Monday, January 16, 2017

Das Boot

I was off work today for Martin Luther King's birthday, so Bloody Rob (retired and almost always available for geocaching, the miserable old rat) and I headed over to the American Tobacco Trail in Wake County to finish the "Boot Print" geoart, which we had begun back in October (see "Getting the Boot," October 16, 2016). Dummy coordinates form a boot print on the map; to get the actual coordinates for the caches in the pattern, you must correctly answer a question on each cache listing page about Wake County Parks. There are 40 caches in total, which we've picked up on three separate hiking trips to the ATT. I was hoping at least a couple of the irregular Old Farts and Cupdaisy might join us today, but it was not to be. Thus, we had to tangle with all kinds of monstrous critters, such as the one you see to the left, all by our aging lonesomes — and tell me that big old beast right there wouldn't spoil your picnic. Our cache hider, the dastardly and devious NCBiscuit, a.k.a. Linda, concealed many of the caches in the series in such fashion, some of them even scarier than a big-ass fire ant (such as this mean old rotten bastard).

On a sad note, I understand that Linda's faithful canine caching companion, Miss Biscuit (for whom she adopted her geocaching handle), just passed away. Miss Biscuit was a constant companion to her, I know, so I send out my deepest sympathies. I could never get along without a houseful of critters, and I know how hard it is to lose them. Adieu, Biscuit!

My appreciation for a clever and fun series of caches.

Saturday, January 14, 2017

Another Paranoid Shizophrenic

Another Songwriters' Showcase at the Daily Grind in Martinsville, and another fun racket, courtesy of the old man and a slew of other talented individuals from all around Virginia, North Carolina, and even as far away as LA — as in Los Angeles, not Lower Axton, as some Martinsville natives have dubbed the neighboring community. The first songwriters' event, back in September, drew a respectable crowd. This one, with twice as many musicians, drew what appeared to be about three times the number of attendees.

Ms. Brugger and I got there a little early to partake of their wine tasting, which proved decent enough, as did the paninis we attacked with ferocious delight, as neither of us had eaten in about a month. Our friends/fellow geocachers Tom and Linda Imbus from Browns Summit showed up to heckle me, as did old friends Ashby and Lynn Pritchett from Martinsville, and to their credit, none of them took it upon themselves to hurl undesirable objects or epithets my way. Sporting souls, our fine friends.

The event ran from roughly 7:30 to 10:00 PM, with eleven musicians, including me, signed up to play. My set consisted of three original songs, "Paranoid Schizophrenia" (again), "Ice Blossoms" (whose origin is recounted here), and "The Watcher" (yet again). I was hoping to include the video of "Ice Blossoms" here, as it's my favorite of the lot, but between electronic glitches and crowd noise, the video didn't turn out very well. I may go ahead and upload it to YouTube regardless, and I'll leave it to you to decide whether to give it a look or avoid it all costs and preserve your sanity.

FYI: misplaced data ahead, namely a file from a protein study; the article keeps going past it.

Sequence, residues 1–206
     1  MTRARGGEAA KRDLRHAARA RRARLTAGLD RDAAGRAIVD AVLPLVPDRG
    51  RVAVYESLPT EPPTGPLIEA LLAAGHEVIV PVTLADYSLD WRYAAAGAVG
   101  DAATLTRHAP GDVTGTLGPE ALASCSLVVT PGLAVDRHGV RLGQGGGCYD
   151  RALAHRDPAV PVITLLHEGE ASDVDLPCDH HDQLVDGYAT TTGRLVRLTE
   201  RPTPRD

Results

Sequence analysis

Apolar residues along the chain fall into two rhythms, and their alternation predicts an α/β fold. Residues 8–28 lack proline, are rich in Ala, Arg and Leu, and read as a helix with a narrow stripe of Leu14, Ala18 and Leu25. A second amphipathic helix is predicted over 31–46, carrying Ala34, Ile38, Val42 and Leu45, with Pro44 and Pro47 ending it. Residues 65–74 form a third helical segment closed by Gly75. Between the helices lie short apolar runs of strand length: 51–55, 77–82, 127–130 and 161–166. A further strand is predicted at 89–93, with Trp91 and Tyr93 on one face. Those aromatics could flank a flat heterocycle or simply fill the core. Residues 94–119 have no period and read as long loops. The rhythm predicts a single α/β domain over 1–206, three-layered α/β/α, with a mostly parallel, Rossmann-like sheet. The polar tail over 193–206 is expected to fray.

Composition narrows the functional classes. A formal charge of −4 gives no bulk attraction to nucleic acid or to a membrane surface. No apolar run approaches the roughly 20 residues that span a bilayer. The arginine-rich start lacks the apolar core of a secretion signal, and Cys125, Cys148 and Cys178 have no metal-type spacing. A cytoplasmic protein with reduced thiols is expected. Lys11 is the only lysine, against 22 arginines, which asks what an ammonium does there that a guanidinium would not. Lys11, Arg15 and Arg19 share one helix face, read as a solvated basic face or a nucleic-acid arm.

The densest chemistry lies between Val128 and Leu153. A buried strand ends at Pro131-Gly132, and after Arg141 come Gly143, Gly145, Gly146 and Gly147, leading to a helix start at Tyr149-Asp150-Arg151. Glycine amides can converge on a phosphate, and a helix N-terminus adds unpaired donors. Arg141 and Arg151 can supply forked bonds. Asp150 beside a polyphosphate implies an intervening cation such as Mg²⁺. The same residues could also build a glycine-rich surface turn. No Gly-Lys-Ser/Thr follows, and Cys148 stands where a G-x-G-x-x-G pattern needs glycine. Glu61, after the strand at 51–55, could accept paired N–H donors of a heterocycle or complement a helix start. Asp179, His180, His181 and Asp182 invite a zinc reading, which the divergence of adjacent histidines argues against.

I'll post the lyrics to "Paranoid Schizophrenia" — which is the second song I ever wrote, back in 1978, while I was at Ferrum College — beneath the videos below. Enjoy or run like hell, your choice.

Paranoid Schizophrenia
Talked with him just yesterday because I was all alone.
I heard his voice and what he said; it's different now you've gone.
In darkened halls and haunted paths, I hear him sing his song.
He told me what I thought I felt; he told me I was wrong.

Run away, I told myself. Run away, I cried.
I'm mad, I must be mad. Run away.

He told me to calm myself. He told me never run.
He told me to help myself. He told me never cry.

He's right again, he's never wrong; how could he ever lose?
I've talked with him, I can't believe there's nothing left to choose.
Talked with him just yesterday because I was all alone.
I've heard his voice inside of me — my heart, my guide, my soul.

Run away, I told myself. Run away, I cried.
I'm mad, I must be mad. Run away.

"Paranoid Schizophrenia," ©1978, 2017 Stephen Mark Rainey

Sunday, January 8, 2017

Songwriter's Showcase — Friday, January 13, 2017

Coming up next Friday — the dreaded 13th of January — I'll be making a racket at The Daily Grind in Martinsville, VA, at their second Songwriters Showcase. At their first event back in September, along with several other musicians, I played to an enthusiastic crowd, with nary a tomato or rotten egg chucked at the performers. It's all original music, no covers allowed, and I can tell you that the first such event featured some accomplished and innovative talents. I'll be playing several of my originals, including a couple I did not perform at the first ("Ice Blossoms" being one of them, the origin of which can be found in yesterday's blog, here). There will also be a wine tasting, which might entice you further, and certainly Brugger and I will look forward to it. If you're in the vicinity, or in comfortable traveling distance, please come round and enjoy yourself.